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19 plicit or implicit policies of a university or department. For ex- ample, in certain cases a short time-to-Ph.D. may be indicative of less stringent requirements for the degree. Furthermore, previous studies have demonstrated that women and members of minority groups, for rea- sons having nothing to do with their abilities, are more likely than male Caucasians to interrupt their graduate education or to be enrolled on a part-time basis.8 ^~ ~^ and ~^A:_~ ~ :~_~nh n ~~, ^~ ~ L;~ll~U=ll~= ~ ~~= 111~1~ ~ ~ ,~=I- ~ - Icy ne longer tor programs with larger fractions of women and minority students. Measure 06 represents the fraction of FY1975-79 program graduates who reported at the time they had completed requirements for the doc- torate that they had signed contracts or made firm commitments for postgraduation employment (including postdoctoral appointments as well as other positions in the academic or nonacademic sectors) and who pro- vided the names of their prospective employers. Although this measure is likely to vary discipline by discipline according to the availabil- ity of employment opportunities, a program's standing relative to other programs in the same discipline should not be affected by this varia- tion. In theory, the graduates with the greatest promise should have the easiest time finding jobs. ~ However, the measure is also influenced by a variety of other factors, such as personal job preferences and re- strictions in geographic mobility, that are unrelated to the ability of the individual. It also should be noted parenthetically that unem- ployment rates for doctoral recipients are quite low and that nearly all of the graduates seeking jobs find positions soon after completing their doctoral programse9 ~~-~^----^ ~ ~ _1~ ~ Ace_ ~_~1~_ ~UL~=Llll~L=, LION hill "~=L Yost ation is by no means a measure of career achievement, which is what one would like to have if reliable data were available. Measure 07, a variant of measure 06, constitutes the fraction of FY1975-79 program graduates who indicated that they had made firm com- mitments for employment in Ph.D.-granting universities and who provided the names of their prospective employers. This measure may be presumed to be an indication of the fraction of graduates likely to pursue ca- reers in academic research, although there is no evidence concerning how many of them remain in academic research in the long term. In many social and behavioral science disciplines the path from Ph.D. to junior faculty has traditionally been regarded as the road of success for the growth and development of research talent. The committee is well aware, of course, that other paths, such as employment in the major laboratories of industry and government, provide equally attractive opportunities for growth. Indeed, in recent years increasing numbers BFor a detailed analysis of this subject, see Dorothy M. Gilford and Joan Snyder, Women and Minority Ph.D.'s in the 1970's: A Data Book, National Academy of Sciences, Washington, D.C., 1977. 9For new Ph.D. recipients in science and engineering the unemployment rate has been less than 2 percent (see National Research Council, Post- doctoral Appointments and Disappointments, National Academy Press, Washington, D.C., 1981, p. 313~.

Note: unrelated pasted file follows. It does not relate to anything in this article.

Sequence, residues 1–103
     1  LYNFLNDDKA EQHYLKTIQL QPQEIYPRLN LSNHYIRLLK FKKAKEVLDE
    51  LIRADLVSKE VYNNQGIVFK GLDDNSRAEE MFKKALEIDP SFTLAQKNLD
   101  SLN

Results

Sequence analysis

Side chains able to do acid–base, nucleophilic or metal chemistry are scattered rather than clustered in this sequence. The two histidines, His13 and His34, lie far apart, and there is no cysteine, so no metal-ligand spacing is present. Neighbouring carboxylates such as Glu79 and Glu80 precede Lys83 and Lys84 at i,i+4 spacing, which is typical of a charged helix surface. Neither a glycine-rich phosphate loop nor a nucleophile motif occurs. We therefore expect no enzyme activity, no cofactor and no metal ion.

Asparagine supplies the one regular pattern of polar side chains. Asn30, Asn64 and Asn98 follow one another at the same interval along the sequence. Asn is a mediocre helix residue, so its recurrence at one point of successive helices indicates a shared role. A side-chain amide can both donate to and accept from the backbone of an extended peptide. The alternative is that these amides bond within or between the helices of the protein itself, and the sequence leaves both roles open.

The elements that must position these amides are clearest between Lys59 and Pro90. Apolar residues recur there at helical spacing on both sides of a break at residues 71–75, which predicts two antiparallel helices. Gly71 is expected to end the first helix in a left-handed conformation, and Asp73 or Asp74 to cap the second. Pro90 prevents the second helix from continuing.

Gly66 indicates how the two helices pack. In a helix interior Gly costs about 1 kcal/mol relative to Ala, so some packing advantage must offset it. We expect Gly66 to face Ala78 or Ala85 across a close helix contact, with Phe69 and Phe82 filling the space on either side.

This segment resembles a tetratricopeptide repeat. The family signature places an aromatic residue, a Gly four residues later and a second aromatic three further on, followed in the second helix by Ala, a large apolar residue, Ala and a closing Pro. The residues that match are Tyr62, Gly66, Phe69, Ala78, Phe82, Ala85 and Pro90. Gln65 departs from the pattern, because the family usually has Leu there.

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20 TABLE 2.2 Percentage of FY1975-79 Doctoral Recipients with Definite Commitments for Employment Outside the Academic Sector* Anthropology Economics Geography History Political Science Psychology Sociology 16 32 18 22 19 47 13 *Percentages are based on responses to the NRC's Survey of Earned Doc- torates by those who indicated that they had made firm commitments for postgraduation employment and who provided the names of their prospec- tive employers. These percentages may be considered to be lower-bound estimates of the actual percentages of doctoral recipients employed outside the academic sector. of graduates are entering the nonacademic sectors. Unfortunately, the data compiled from the NRC's Survey of Earned Doctorates do not enable one to distinguish between employment in the top-flight laboratories of industry and government and employment in other areas of the non- academic sectors. Accordingly, the committee has relied on a measure that reflects only the academic side and views this measure as a useful and interesting program characteristic rather than a dimension of qual- ity. In the social and behavioral science disciplines, in which less than one-third of the graduates with definite employment plans intend to take jobs outside the academic environs (see Table 2.2), this limi- tation is of lesser concern than it is in the engineering and physical science disciplines. The inclusion of measures 06 and 07 in this assessment has been an issue much debated by members of the committee; the strenuous objec- tions by three committee members regarding the use of these measures are expressed in the Minority Statement, which follows Chapter X. REPUTATIONAL SURVEY RESULTS In April 1981 survey forms were mailed to a total of 1,770 faculty members in anthropology, economics, history, political science, psy- chology, and sociology. Survey forms were mailed to 150 geography fac- ulty in September 1981. The evaluators were selected from the faculty lists furnished by the study coordinators at the 228 universities cov- ered in the assessment. These evaluators constituted approximately 13 percent of the total faculty population--14,898 faculty members--in the social and behavioral science programs being evaluated (see Table 2.3~. The survey sample was chosen on the basis of the number of faculty in a particular program and the number of doctorates awarded in the previous